In 1988 the major manufacturers of ATVs signed a voluntary 10-year consent decree with the Consumer Product Safety Commission in which they agreed that three-wheel ATV’s would be banned, safety equipment would be incorporated, user training would occur at the dealer, units would carry warning labels, and sales to children under 13 would be prohibited. This decree expired in 1998 and was not renewed. From 1995-2000, ATV sales continued to increase, and in the same period injuries increased 63%. The size and power of ATVs grew, and the world saw models with 1000cc engine displacement, weights over 1000lb, and speeds up to 79 mph in the Suzuki LT500R, nicknamed “Quadzilla”.
Currently there are 10.5 million ATVs in use in the US. In 2009, there were 131,900 injuries, and a quarter of them were in children. From 1982-2009 10,281 deaths were recorded, also a quarter of them children. The deadliest states for ATV use are California, Pennsylvania, Texas, and West Virginia, but all states are affected.
Certain aspects of ATVs can explain why there are so many injuries. Their off-road design incorporates a flexible suspension that affects steering and large low inflation tires for off-road traction.  Steering is a complicated combination of speed modulation, shift in body weight, and handlebar angulations. It requires the rider to push down on the footrest to shift one cheek off the seat to the inside of the turn. Each bump in the terrain requires an immediate complex response in speed, steering position, and lean. In a crash the ATV carries nearly the weight of a car and the rider exposure of a motorcycle, so severe injuries from vehicle rollover and crush are common. These characteristics can be controlled by a trained adult rider with proper safety equipment, but children can quickly be pushed beyond ability to safely pilot an ATV. I repeatedly see a pattern of injury in children that includes limb fractures, head injuries, internal bleeding, and combinations of these wounds.

Children are disadvantaged because of decreased size, strength, and coordination. They can have difficulty reaching controls on full size ATVs. Additionally, children are more prone to crashes because of inexperience, speeding, and poor judgment when it is required in a split second. Forty percent of published reports of ATV injuries are in children.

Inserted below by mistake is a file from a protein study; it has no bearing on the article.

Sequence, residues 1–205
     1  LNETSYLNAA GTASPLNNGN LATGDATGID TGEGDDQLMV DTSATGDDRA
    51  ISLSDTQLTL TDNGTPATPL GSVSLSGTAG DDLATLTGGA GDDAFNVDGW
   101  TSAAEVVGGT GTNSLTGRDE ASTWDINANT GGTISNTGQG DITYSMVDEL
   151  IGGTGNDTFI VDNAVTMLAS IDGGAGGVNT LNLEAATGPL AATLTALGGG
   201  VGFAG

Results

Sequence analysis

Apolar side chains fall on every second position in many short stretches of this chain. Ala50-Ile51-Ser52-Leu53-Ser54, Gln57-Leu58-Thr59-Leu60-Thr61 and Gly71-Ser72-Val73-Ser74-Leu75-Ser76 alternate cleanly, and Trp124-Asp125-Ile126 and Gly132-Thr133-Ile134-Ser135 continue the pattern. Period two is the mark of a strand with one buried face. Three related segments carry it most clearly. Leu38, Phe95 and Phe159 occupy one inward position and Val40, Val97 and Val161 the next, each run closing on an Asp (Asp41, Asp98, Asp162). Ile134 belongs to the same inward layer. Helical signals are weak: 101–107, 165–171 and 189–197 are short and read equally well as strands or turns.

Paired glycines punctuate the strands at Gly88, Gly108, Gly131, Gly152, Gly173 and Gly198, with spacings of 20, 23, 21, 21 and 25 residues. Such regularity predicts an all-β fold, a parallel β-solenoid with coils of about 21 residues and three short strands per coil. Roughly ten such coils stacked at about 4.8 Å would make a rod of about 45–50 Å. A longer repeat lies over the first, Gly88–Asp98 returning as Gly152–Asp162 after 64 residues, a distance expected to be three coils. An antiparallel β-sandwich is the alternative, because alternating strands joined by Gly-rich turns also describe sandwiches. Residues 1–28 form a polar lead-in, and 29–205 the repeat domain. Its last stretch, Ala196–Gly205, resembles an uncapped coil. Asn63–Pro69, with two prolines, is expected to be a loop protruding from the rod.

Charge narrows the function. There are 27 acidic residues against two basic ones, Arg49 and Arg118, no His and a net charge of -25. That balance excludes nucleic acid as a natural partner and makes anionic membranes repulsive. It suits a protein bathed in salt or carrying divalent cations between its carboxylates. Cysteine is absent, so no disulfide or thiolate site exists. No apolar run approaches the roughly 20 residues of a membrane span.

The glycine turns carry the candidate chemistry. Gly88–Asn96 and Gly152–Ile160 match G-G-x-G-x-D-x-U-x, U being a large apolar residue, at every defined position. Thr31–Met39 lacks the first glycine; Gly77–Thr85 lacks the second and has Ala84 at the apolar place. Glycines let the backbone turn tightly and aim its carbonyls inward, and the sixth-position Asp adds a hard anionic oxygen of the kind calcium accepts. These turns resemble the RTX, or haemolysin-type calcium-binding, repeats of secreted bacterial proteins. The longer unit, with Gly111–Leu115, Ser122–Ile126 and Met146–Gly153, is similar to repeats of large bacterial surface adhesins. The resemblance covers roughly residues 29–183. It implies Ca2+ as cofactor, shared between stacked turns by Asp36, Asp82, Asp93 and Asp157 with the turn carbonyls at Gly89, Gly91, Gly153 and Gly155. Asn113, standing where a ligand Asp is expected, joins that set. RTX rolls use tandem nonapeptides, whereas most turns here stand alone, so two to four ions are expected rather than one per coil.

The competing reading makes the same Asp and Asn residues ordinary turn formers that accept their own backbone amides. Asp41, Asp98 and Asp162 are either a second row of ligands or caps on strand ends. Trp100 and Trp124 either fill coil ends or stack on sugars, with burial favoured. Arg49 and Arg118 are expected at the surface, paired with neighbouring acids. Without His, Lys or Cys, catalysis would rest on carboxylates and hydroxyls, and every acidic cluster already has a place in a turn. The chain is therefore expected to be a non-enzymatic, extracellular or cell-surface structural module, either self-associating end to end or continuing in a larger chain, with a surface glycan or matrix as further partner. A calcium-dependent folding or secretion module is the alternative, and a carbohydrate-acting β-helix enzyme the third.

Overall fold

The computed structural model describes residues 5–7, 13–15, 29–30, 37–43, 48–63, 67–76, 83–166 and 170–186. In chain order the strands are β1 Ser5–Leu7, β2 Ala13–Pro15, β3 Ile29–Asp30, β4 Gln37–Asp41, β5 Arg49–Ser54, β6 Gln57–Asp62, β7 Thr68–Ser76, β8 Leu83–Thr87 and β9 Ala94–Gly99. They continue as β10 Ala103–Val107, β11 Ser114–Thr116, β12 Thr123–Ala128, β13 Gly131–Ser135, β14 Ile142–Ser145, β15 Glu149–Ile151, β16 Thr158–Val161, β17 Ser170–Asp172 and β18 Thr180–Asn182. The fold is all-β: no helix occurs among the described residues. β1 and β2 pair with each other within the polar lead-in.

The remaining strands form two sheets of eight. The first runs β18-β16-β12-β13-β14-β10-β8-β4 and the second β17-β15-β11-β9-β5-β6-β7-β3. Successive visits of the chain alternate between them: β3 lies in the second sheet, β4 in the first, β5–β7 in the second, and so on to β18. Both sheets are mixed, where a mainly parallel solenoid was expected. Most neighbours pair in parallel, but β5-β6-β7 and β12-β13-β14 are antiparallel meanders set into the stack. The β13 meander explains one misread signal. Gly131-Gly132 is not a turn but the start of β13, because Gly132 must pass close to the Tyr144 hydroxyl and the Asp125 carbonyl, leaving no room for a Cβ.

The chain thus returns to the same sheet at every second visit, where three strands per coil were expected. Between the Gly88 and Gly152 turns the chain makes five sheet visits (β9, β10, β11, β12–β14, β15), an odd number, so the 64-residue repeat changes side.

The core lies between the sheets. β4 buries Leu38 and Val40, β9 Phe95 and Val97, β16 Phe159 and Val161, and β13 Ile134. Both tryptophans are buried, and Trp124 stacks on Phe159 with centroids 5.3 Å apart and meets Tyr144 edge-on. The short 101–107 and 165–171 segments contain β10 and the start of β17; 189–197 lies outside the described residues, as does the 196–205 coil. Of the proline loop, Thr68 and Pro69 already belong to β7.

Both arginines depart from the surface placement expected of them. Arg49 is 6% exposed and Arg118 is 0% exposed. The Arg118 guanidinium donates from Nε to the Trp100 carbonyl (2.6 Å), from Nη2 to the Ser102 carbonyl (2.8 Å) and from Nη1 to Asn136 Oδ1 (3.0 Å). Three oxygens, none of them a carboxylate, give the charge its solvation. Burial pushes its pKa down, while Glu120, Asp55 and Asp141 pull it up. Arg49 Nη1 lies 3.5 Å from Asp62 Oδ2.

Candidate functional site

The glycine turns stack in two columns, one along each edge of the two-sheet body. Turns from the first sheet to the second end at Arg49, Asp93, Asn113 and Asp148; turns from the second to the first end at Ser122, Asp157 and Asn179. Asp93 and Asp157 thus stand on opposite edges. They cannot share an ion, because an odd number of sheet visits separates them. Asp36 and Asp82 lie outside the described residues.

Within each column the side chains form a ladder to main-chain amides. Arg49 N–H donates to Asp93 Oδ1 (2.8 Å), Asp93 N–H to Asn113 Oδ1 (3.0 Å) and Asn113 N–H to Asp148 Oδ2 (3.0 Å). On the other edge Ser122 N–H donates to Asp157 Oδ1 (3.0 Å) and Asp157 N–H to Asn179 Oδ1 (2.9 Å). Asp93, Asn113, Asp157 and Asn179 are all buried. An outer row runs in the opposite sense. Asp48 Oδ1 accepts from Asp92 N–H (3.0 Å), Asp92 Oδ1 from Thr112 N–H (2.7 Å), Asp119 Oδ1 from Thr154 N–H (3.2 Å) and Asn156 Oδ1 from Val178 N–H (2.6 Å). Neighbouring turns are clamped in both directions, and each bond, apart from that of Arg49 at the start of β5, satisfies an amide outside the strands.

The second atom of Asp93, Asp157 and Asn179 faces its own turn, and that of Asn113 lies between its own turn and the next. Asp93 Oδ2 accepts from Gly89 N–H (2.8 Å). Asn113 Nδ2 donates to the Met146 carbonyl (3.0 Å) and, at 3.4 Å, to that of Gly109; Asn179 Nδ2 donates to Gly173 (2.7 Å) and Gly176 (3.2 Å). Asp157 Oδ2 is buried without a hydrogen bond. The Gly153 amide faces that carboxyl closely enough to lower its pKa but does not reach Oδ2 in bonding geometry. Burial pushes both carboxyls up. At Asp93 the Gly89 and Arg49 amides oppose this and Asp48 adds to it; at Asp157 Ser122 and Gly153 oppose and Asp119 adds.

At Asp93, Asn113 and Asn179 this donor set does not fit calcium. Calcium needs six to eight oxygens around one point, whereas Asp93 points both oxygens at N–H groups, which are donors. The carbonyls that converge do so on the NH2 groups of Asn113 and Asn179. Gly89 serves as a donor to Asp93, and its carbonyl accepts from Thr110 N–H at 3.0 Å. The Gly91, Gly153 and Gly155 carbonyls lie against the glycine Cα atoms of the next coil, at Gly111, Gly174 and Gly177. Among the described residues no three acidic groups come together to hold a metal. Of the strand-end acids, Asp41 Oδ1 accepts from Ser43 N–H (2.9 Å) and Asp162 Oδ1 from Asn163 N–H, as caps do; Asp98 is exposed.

These dangers have led the American Academy of Pediatrics to state, “Laws should prohibit the use of ATVs, on or off-road, by children and adolescents younger than 16 years.” American Pediatric Surgical Association similarly states, “Children younger than 16 years lack the judgment and physical ability to safely operate motorized vehicles and should not operate ATVs of any size.” 

I know this sounds like the usual pessimistic don’t, don’t, don’t of a doctor, but there are actually some useful recommendations I can make to try and keep safe on an ATV.

-          - Only one rider to each ATV: the vehicle is meant for one person and the addition of a passenger shifts the center of gravity backwards. This unloads the front axle and hinders steering. I frequently see a pattern of injury where a passenger on the back of the ATV is crushed in a rollover, or a small child in front of the driver is crushed against the handlebars.
-         - Use a helmet! In a crash, a helmet can mean the difference between survival and death, or a life spent in a bed or wheelchair. In surgery we can fix nearly any part of the body, but when brain cells are gone, they don’t come back.
-         -  Match the ATV size to the driver: Children under 16 should use an ATV of 90cc or less.
-          - Be sober when driving an ATV. Alcohol and drugs greatly increase the chance of a crash.
-         -  Provide adult supervision whenever children are riding ATVs: Adults need to know the tenets of safe riding, and ensure children are following them, and know how to disable the vehicle if they are not.
-         -  Take a rider safety course: it is better not to learn the idiosyncrasies of the vehicle the hard way.